The clash between Hillary Clinton and Bernie Sanders over a voter data breach?
“Who cares? An issue that’s forgotten in 48 hours,” said one Iowa Democrat.
That dismissive opinion is widely shared among Democrats and Republicans surveyed for the POLITICO Caucus, our panel of the top activists, strategists and operatives in Iowa, New Hampshire, South Carolina and Nevada.
The revelations that a senior Sanders campaign staffer — and potentially several others — had breached Clinton’s proprietary voter files set Washington abuzz Friday, with the Democratic National Committee cutting off Sanders’ access to his entire voter database in response. The Sanders team called the move an overreaction that proved the party was favoring Clinton and took the matter to court Friday afternoon before the DNC ultimately allowed Sanders to regain access to his data.
But the fight quickly became an afterthought during Saturday night’s Democratic debate after Sanders apologized for the episode and pledged to sanction any other staffers involved. Clinton quickly accepted his apology and agreed that the campaign should refocus on policy issues.
Two-thirds of insiders — in both parties — say that exchange all but ensured the issue has lost its bite and that voters were never going to care much about an issue as esoteric as campaign data anyway.
“Average Americans don’t give two s—ts about voter files,” said a South Carolina Democrat.
The Sanders campaign initially framed the issue as another data point in his broader argument against the DNC, contending that the national party was not operating as a neutral player during the primary and was instead favoring the Clinton campaign. But the Vermont senator’s softer approach during the debate defanged the issue.
“He handled the controversy masterfully. Took responsibility, took action and apologized. Case closed,” said a Nevada Republican.
The debate itself seemed almost an afterthought to Caucus insiders. Those who watched resoundingly declared Clinton the winner, largely by default because neither Sanders nor former Maryland Gov. Martin O’Malley appeared to dent her front-runner status. The candidates agreed often and even at their most contentious avoided cutting too deeply.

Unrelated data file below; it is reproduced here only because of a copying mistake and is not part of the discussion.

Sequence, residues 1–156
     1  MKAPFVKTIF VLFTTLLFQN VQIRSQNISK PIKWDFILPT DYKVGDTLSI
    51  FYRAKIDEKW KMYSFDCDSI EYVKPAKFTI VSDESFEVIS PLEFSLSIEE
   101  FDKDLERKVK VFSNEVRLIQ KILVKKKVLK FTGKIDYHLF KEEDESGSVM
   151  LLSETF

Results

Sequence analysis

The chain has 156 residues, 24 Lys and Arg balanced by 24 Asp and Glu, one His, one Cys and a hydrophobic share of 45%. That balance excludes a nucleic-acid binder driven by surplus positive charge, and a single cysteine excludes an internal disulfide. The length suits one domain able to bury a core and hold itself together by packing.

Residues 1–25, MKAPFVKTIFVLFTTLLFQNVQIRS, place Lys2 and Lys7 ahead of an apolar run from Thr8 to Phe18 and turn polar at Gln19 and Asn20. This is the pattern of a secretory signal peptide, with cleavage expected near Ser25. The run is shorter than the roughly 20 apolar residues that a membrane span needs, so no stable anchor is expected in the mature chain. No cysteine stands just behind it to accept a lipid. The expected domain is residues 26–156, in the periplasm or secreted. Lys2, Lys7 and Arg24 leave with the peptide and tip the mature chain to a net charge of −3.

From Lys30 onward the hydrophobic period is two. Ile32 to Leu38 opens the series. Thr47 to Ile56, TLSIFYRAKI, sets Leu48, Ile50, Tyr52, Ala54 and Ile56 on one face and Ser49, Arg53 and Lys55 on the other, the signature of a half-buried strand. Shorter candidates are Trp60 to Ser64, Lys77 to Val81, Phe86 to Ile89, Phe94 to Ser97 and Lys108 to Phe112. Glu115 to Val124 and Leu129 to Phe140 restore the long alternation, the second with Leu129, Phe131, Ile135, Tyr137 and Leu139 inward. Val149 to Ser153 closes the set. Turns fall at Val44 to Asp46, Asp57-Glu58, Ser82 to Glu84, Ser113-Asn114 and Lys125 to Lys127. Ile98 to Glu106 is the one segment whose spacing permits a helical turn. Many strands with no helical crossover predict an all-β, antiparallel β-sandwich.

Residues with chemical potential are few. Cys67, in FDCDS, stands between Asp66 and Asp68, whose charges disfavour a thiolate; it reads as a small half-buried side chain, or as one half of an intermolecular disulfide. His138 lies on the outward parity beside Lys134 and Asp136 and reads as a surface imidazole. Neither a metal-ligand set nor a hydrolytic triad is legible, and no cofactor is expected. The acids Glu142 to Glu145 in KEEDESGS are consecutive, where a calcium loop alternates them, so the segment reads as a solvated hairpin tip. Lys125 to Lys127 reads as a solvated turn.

“She is a mile ahead and [Sanders] made up no ground,” said an Iowa Democrat.
“They were all strong but that means that Martin and Bernie did not get the knockout punch they needed,” added a New Hampshire Democrat. “In that situation only Hillary benefits.”
Clinton entered the night with as firm a grip on the nomination as she’s had the entire cycle. Polls consistently show her with an edge of more than 20 points nationally, though Sanders remains competitive in Iowa and ahead in New Hampshire. Clinton sought to undermine Sanders repeatedly by questioning the cost of his ambitious proposals, like single-payer health care. She needled him on gun issues, noting that he “has moved” on the issue toward her position, two months after she first criticized him for not sufficiently supporting gun control measures.
Just 10 percent of debate-watching insiders said she lost, and no Democrats mentioned the moments that Republicans were quickest to pounce on: her assessment that the United States is “where we need to be” in the fight against ISIL, despite polls showing Americans deeply dissatisfied with the Obama administration’s approach. Nor did any mention the uncomfortable few seconds in which Clinton’s lectern was empty after a commercial break. Most insiders, on the other hand, agreed O’Malley lost by failing to stand out.
“O’Malley is beginning to look desperate, rushing his lines and swinging more broadly in his attacks, hoping to hit something, anything,” said an Iowa Democrat.